The devil really may be in the details.
The owners of a Ridgewood, N.J., home were eager to sell because they had already bought another place. After a couple of months went by without an offer, they cut the price and stripped the outdated paneling from one room.
But buyers weren’t biting, and they thought they knew why: Their street address was 666 — which some Christians believe is a sign of the devil, based on a biblical passage.
So the homeowners got the address changed to 668, and the place sold.
- Beloved Mama's Mexican Kitchen in Belltown to close
- Paul Allen's First & Goal signs letter expressing concerns over Sodo arena
- Seattle no longer America's fastest-growing city
- West Seattle couple leaves all their assets -- $847,215 -- to Uncle Sam
- Helmet camera captured deadly Yosemite cliff jump
Most Read Stories
It was just one example of how seemingly minor issues can make — or break — real-estate transactions.
In most cases, there are only a couple of big-picture items that sellers can control when they put their homes on the market: the home’s condition and its price.
For that reason, sellers are usually urged to set a competitive asking price and spruce up the property by painting, refinishing hardwood floors and upgrading the landscaping.
But sometimes unexpected or oddball details — not always in a homeowner’s control — can be the difference between success and failure.
“A home purchase is a very emotional thing,” said Beth Freed, an agent with Prominent Properties Sotheby’s International Realty in Ridgewood. “If you feel at home, for one reason or another, that very often is all it takes.”
Jeana Cowie, listing agent on the Ridgewood house that used to be No. 666, said she was surprised when people commented that the address might be a problem.
One buyer at an open house told her it was a “weird number.”
To change the home’s address, the owner went to Village Hall; each town has its own procedure for this, but usually the tax assessor has to be consulted to make sure there’s no conflict with another address.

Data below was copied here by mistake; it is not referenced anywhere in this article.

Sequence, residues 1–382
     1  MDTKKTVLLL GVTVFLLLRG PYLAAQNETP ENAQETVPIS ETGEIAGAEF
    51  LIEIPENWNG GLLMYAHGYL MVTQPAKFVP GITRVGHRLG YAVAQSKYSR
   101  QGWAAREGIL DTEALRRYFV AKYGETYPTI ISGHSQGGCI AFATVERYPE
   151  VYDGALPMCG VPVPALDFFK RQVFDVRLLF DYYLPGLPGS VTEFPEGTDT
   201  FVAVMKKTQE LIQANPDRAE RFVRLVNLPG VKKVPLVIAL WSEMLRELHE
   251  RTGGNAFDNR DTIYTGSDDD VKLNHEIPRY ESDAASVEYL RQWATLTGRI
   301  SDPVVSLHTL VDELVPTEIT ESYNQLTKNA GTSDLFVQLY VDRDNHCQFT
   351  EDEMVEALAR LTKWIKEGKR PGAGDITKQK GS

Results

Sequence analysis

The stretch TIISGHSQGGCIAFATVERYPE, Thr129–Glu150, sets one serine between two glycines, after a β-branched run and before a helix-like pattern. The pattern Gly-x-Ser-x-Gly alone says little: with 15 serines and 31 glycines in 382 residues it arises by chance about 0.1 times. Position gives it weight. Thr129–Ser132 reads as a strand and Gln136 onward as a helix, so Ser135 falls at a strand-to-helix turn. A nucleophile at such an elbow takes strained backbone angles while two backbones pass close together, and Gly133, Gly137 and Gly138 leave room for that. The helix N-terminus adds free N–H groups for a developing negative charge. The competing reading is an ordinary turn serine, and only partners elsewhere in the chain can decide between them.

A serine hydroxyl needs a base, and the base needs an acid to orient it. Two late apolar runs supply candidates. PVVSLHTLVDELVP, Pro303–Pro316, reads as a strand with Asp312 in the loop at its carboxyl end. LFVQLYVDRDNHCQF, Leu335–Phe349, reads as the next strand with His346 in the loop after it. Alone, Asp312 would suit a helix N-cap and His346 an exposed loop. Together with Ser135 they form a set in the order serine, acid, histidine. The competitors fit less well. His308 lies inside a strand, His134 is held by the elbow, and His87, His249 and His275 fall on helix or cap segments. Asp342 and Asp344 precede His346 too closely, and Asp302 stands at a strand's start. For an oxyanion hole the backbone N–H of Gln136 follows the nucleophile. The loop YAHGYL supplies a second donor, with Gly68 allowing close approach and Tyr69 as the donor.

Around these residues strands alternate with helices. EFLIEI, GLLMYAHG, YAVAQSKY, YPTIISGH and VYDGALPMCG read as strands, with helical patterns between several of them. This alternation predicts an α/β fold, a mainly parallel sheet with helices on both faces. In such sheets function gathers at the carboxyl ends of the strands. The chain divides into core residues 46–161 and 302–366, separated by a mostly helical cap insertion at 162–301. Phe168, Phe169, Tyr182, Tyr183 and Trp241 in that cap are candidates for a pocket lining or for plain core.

Emergency services and the U.S. Postal Service must also be notified.
“I don’t want to say that 668 sold the house,” Cowie said. But she thinks it helped.
Hedy Weiss, a Coldwell Banker agent in Franklin Lakes, N.J., also closed a sale after the homeowner changed the address. The house was on a corner in Franklin Lakes, facing a busy street, but also had an entrance on the side street.
“Because people could see it was on a main street, a lot of people didn’t pursue it,” she said. The homeowner had the address changed to the side street.
“We started getting more showings with the new address,” Weiss said.
Within two months, the house sold.
Freed says one of her sellers got a boost when the village lowered the speed limit on the street to 25 mph. Suddenly, the property became more attractive to families with young children, and it sold soon after.
Other numbers also can make a difference. Some agents have favorite pricing tricks.
Orly Steinberg, a Coldwell Banker agent in Ridgewood, for example, ends her prices in “888.” She started doing it 20 years ago to catch the eye of agents paging through big multiple-listing books. She wanted to be listed just ahead of the agents pricing their listings at more common numbers using 9s — for example, pricing a home at $299,888, instead of $299,900. Over time, it became her signature; her license plate even reads “SOLD888.”
“It gets you a little bit more attention, which is what you want,” Steinberg said. Later, she discovered 8 is a lucky number in Chinese culture.
For that reason, 8s are included in 20 percent of the asking prices in markets with a large Asian population, the real-estate website Trulia recently reported. (And 13 is uncommon in prices everywhere, Trulia says.)
Often, small issues will squelch a deal rather than seal it. New Jersey agent Angele Ekert was involved in a sale where everything was fine until the inspection. The buyers saw mice in the attic, and that was the end of that.
“That turned the buyers off completely, even though mice can easily be remedied,” she said.
Another one of her deals fell through years ago, when the buyer discovered that someone had died in the house.
Freed recalls a $1 million sale that almost collapsed because the buyer and seller couldn’t agree on who would pay $500 to remove a tree the inspector said was dying.
“That was fun,” she said. In the end, she said, the buyer paid.